16. We’ve taken advantage of a 15% increase in payments, then double up that increased payment every month and add a lump sum payment every month on top. Not quite reaching the maximum of 15% prepayment allowed on the latter each year, but at our next renewal it will be difficult to continue this rate of paydown…but we’ll just save any extra and pay it all off when the next 2 year mortgage comes open (less than 3 years from now!). We’re in the position that a paid off mortgage will allow our current cash flow to cover basic living should anything ‘happen’ in the wider economy. And in better circumstances (i.e., ‘normal’) allows a few years of extra retirement savings I won’t really feel since we’ve been living on that much lower stream for some time.

  17. Before I bought my cottage I was upping my biweekly payments every year by the allowable 10%. My financial “advisor” at the bank was amazed. I’m not sure if I was the onlye one of her clients that did that or not. Right now I have been set back by the purchase of my cottage, but within the next year or two I should be able to increase my payments again.

    I will still have everything paid off before retirement. And the increase to the quality of our lives is fantastic. Right now I need that, especially since a friend just died yesterday at 43 from cancer. A good life balance is important. Enjoy life, but still get things paid off.

  18. We use the double up payment option. Every mortgage payment we are allowed to double the amount we pay and the extra goes directly to the principal. This is the easiest way because when you “save” some money, you can put it on your mortgage right away.

  19. Another tip i would add is keeping an eye on interest rates and shopping around. Although we broke the mortgage with our first lender, we did the math and the penalty fee (just over 2k) was worth it as we switched from 3.7% to 2.99% for 5 years fixed. So my advice is do not be afraid of the word “penalty” just do the math to see if it is worth it.
    Additionally, before switching over, we took advantage of a blend and extend option offered by our first provider. The savings weren’t as significant, but it spared the hassle of switching providers.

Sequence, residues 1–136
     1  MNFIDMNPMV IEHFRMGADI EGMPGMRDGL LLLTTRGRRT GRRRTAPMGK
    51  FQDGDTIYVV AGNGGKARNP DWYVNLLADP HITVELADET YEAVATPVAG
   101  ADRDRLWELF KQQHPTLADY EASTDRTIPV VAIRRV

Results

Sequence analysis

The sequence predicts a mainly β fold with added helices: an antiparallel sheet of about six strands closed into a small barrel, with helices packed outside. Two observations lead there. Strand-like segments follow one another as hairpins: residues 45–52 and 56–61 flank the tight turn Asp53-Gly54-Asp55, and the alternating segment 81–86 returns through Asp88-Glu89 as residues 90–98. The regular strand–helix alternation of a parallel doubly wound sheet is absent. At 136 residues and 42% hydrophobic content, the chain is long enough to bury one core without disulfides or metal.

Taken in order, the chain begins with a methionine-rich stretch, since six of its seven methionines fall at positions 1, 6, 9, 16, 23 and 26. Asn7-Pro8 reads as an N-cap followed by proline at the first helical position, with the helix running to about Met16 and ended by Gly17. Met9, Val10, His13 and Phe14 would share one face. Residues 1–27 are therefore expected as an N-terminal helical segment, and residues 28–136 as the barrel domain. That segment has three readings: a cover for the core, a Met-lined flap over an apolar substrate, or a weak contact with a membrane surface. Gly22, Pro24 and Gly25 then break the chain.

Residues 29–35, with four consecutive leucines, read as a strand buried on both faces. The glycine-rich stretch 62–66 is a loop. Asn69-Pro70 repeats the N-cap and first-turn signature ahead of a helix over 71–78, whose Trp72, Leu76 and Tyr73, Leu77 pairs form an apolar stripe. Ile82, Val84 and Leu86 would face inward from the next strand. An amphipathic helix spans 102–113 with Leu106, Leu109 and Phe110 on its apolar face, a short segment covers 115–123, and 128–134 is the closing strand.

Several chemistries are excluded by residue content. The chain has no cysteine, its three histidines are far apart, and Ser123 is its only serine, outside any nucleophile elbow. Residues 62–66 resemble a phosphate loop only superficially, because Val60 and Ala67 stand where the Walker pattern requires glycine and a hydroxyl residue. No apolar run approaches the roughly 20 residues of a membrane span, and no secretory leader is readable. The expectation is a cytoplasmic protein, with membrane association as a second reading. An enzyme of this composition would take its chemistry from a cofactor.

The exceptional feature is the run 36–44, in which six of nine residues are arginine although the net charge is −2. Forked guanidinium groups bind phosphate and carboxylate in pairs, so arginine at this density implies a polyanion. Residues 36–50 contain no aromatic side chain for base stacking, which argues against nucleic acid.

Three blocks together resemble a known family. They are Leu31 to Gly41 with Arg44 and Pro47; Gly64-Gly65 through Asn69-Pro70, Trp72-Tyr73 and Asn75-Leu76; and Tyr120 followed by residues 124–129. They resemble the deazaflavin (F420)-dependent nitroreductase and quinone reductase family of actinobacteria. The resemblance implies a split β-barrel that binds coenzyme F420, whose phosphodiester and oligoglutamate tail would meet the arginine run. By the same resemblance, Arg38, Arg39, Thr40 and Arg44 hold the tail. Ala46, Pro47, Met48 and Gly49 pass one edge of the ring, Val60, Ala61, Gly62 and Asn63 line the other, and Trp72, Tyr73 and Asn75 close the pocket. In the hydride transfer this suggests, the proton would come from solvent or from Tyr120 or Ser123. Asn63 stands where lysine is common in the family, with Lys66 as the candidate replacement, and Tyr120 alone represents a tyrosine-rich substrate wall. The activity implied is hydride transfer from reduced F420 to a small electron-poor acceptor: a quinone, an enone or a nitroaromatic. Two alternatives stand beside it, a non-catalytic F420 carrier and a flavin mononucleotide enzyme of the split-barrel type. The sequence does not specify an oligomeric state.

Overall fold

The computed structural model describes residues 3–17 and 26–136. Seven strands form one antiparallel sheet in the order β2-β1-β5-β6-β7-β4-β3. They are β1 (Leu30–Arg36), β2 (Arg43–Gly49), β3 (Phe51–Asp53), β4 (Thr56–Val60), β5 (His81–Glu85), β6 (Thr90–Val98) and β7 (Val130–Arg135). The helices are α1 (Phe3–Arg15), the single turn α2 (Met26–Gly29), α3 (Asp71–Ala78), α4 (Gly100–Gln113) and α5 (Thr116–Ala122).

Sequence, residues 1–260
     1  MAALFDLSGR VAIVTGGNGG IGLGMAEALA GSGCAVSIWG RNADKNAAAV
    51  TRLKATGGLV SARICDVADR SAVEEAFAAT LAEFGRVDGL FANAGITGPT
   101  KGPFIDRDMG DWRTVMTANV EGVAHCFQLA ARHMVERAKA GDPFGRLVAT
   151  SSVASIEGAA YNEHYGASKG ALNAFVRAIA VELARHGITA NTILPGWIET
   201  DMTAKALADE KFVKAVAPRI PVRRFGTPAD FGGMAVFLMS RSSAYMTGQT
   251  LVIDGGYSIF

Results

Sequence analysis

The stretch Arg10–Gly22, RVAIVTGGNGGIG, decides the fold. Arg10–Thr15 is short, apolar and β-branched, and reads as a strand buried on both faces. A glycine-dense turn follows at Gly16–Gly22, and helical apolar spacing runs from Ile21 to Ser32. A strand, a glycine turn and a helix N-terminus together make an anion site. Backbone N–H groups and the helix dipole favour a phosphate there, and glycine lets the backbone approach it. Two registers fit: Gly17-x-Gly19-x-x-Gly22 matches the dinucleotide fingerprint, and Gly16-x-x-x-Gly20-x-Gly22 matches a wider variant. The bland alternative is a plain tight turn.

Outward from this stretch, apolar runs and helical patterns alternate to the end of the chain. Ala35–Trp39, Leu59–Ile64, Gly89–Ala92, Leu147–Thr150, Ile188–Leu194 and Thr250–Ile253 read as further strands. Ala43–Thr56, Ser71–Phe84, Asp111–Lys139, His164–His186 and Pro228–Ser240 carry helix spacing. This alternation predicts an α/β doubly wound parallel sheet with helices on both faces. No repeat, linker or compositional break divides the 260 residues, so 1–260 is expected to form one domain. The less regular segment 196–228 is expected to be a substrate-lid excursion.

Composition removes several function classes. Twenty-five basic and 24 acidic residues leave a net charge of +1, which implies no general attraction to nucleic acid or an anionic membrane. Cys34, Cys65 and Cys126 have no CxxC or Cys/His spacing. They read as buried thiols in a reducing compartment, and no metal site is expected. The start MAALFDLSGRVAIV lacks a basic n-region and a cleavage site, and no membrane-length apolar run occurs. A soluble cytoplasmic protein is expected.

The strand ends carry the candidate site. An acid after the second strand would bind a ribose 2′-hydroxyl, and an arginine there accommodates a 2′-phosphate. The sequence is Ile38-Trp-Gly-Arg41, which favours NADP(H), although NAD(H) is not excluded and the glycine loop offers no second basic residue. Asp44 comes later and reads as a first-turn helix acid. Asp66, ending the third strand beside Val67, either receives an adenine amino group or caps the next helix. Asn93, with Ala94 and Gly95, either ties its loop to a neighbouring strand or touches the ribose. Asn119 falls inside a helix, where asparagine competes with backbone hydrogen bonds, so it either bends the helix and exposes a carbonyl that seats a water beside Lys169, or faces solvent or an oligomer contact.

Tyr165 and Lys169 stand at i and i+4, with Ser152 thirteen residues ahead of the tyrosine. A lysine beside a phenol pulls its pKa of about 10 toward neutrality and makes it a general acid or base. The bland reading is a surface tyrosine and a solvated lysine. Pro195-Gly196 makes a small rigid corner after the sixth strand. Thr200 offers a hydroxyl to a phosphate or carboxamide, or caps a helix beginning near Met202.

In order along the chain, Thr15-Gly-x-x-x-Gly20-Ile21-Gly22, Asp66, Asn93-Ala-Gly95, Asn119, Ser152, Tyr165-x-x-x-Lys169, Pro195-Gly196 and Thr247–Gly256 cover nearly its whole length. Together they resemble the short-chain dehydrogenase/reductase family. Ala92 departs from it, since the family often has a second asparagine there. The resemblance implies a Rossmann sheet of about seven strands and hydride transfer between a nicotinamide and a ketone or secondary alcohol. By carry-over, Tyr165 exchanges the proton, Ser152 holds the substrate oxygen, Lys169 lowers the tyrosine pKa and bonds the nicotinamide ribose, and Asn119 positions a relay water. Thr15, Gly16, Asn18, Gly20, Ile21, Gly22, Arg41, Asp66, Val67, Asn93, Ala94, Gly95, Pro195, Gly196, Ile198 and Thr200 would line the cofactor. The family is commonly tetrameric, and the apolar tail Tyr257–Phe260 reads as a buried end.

20. We went with the bi-weekly payment option which will shave almost 4 years off our mortgage. We have about $18K debt that we are hoping to pay down first – $9,000 at 11.99% ($3,500 of which our tax refund is going towards – my husband was laid off twice in three years and we now know the importance of an emergency fund), $6,000 line of credit at 5% (this is DH’s bad – fixing up his hot rod), $1,200 BNPL furniture from when we bought the house last June (it was $2,500 and we are well on track to have it paid off before the interest clock runs out) and $1,800 furniture we bought on 36 equal monthly payments NO interest that we are well on track to have paid off on schedule. Once each is paid off, I would like to repurpose the payments ($775/month) to increasing our mortgage payments and savings (currently about $430/month between us) so these techniques are great advice as we continue to improve our finances!

  21. When we recieved that first amortization schedule that told us in 5 years we would pay $60 000 and that $40 000 would go to interest….I felt sick!! We were Double income no kids, so we basically lived off one income, and put the other income on to prepaying the mortgage by doubling up payments and making anniversary payments. Within two years our amortization went from 25 years to 8. When I got pregnant we stopped the doubling and put that money into an emergency fund. When baby came I called the the mortgage company and asked them to rework the mortgage back to a 25 year amortization. Our payments were ridiculously small, which made it possible for me to stay home. As the hubby started to earn more money we started up with extra payments. Then he started earning some good bonuses and we’d put those toward the mortgage on it’s anniversary. We are in our early 40’s and have been mortgage free for 3 years.

    I enjoyed reading all the responses so far!! So happy that other people are saving themselves thousands in interest!! It would be nice to find saving accounts and mutual funds that earn 10%, but these days it seems the best way to save your money is to “save” money by not paying interest.